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Suppose, $A \in \mathbb{C}^{n \times n}$ is a non-hermitian matrix and it is decomposed as $A = \dfrac{1}{2}[A + A^{\star}] + \dfrac{1}{2}[A - A^{\star}]$. Now if $\lambda_{i}[A-A^{\star}] = -j b \; \forall i$, where $b \in \mathbb{R}^{+}$, then can it be guaranteed that the imaginary part of $\lambda_{i}[A] < 0$ for $i=1,2 \cdots n$ ? For example $A = \left[\begin{array}{cc} -0.4878 - j0.3902 & -0.2439 - j0.1951 \\ -0.2439 - j0.1951 & -0.4878 - j0.3902 \end{array} \right]$ for which $\lambda_{i}[A-A^{\star}] = \{-j0.3902, \; -j 1.1707\}$.

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  • $\begingroup$ Is spectral theorem useful in this regard? Please suggest any relevant references. $\endgroup$ – Parijat Bhowmick Aug 21 '16 at 14:18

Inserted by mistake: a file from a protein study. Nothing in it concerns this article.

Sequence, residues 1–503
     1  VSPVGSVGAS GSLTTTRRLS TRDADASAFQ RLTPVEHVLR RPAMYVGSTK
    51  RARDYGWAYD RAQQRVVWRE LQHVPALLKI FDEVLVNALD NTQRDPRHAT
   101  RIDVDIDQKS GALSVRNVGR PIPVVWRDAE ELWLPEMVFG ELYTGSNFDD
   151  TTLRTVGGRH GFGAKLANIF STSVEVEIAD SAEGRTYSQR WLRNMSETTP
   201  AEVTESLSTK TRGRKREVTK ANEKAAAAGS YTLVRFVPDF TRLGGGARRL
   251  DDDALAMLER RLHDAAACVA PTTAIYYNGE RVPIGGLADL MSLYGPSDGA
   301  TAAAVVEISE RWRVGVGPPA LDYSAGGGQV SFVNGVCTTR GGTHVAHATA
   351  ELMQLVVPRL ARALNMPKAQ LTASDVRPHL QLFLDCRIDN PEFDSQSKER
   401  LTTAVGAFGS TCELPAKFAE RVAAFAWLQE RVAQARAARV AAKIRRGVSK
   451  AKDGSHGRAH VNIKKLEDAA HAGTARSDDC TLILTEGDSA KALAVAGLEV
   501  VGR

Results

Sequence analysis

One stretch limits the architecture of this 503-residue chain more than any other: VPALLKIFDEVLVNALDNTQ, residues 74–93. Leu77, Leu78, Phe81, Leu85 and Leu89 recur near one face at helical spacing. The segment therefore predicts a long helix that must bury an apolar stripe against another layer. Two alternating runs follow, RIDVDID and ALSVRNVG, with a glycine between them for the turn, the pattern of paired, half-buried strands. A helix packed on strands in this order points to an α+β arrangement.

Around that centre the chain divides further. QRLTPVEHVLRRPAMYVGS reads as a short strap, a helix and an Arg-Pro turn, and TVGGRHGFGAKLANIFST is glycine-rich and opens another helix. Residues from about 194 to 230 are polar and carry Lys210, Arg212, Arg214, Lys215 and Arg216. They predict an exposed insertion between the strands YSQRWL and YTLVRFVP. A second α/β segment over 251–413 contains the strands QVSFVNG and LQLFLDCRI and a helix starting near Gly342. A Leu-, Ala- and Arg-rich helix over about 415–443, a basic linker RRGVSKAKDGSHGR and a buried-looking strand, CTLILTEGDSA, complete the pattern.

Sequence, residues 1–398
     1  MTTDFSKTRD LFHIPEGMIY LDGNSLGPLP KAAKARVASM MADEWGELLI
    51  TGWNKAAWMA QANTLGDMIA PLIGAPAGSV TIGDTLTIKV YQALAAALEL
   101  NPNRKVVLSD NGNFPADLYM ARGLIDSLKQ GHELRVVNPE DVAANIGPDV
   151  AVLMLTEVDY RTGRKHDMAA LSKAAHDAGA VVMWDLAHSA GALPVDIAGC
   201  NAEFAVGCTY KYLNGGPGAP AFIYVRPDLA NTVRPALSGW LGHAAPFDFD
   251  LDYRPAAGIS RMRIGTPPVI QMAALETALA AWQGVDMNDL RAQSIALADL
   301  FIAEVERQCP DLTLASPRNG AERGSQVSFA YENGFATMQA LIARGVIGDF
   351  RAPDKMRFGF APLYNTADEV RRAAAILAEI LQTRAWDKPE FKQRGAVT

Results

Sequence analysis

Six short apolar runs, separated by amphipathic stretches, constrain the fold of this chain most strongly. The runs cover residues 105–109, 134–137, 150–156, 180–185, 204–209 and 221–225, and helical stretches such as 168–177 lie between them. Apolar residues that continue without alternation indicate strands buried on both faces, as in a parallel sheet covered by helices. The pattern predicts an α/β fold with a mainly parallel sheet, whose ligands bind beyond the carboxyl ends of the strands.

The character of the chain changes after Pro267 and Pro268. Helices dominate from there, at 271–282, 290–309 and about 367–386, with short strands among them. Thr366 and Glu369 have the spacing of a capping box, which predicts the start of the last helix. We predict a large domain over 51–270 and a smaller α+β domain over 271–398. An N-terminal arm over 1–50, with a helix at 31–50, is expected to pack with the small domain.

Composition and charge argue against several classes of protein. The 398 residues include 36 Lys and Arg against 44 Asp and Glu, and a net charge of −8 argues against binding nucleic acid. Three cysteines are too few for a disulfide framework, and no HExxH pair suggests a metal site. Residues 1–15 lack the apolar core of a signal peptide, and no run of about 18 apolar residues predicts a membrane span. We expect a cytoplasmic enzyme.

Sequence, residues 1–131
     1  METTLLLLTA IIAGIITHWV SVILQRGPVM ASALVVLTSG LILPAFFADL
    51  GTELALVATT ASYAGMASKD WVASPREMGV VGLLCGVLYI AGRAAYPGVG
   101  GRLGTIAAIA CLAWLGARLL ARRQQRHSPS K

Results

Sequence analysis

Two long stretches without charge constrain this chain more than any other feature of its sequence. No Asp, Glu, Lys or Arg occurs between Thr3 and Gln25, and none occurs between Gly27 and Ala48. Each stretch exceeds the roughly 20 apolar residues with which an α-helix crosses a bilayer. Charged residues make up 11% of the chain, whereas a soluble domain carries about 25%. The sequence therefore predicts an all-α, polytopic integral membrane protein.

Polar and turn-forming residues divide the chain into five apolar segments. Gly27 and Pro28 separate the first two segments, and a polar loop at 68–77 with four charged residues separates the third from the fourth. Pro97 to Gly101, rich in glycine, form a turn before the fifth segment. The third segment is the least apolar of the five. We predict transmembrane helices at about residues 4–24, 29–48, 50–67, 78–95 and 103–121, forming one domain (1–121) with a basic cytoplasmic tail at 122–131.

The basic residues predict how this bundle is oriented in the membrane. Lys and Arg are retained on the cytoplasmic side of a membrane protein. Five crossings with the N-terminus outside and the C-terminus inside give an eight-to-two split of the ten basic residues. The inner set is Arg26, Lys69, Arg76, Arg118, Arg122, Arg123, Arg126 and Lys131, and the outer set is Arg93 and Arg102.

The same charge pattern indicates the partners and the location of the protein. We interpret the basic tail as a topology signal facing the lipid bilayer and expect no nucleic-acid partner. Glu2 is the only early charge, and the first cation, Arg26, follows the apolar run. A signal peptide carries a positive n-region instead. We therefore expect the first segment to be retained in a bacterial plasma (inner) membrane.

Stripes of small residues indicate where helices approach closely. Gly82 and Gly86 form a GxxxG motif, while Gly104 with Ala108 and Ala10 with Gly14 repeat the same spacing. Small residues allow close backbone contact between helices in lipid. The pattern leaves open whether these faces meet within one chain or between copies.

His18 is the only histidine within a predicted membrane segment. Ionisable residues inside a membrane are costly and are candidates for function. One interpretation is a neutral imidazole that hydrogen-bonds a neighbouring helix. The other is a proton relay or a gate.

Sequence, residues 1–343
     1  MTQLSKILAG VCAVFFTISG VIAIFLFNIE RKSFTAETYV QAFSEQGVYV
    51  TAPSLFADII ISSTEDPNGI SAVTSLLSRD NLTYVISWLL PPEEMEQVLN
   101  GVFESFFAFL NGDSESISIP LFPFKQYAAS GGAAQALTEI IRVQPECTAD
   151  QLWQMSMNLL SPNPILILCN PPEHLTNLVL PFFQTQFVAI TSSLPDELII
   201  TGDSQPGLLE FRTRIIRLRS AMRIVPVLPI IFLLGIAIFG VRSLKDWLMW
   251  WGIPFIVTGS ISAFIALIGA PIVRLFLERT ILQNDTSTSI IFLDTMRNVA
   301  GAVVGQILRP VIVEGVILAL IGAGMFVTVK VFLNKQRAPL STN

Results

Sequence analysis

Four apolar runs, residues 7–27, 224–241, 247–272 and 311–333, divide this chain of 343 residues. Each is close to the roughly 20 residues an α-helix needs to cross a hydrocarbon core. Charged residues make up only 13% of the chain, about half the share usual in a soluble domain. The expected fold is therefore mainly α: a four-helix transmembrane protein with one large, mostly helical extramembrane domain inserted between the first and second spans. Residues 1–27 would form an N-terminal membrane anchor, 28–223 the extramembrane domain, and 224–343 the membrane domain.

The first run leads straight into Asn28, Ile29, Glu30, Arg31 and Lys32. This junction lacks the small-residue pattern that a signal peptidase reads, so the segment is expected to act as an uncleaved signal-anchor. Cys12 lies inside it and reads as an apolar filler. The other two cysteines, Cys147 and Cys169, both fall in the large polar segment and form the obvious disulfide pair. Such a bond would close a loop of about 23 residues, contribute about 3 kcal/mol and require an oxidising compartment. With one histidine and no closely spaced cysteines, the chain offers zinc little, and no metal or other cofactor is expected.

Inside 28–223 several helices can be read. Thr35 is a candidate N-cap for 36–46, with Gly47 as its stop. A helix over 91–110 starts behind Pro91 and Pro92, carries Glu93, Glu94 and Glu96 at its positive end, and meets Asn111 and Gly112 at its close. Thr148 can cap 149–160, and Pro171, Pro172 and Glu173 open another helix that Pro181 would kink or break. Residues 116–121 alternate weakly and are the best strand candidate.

• $\begingroup$ Can you define $j[A - A^*]$? What is this? $\endgroup$ – IAmNoOne Aug 21 '16 at 14:20
  • $\begingroup$ This means that the eigenvalues of the skew-hermitian part of A matrix are all negative. $\endgroup$ – Parijat Bhowmick Aug 21 '16 at 14:22
  • $\begingroup$ What is $A$ doing there then? $\endgroup$ – IAmNoOne Aug 21 '16 at 14:26
  • $\begingroup$ A is any complex matrix; neither hermitian, nor symmetric. $\endgroup$ – Parijat Bhowmick Aug 21 '16 at 14:28

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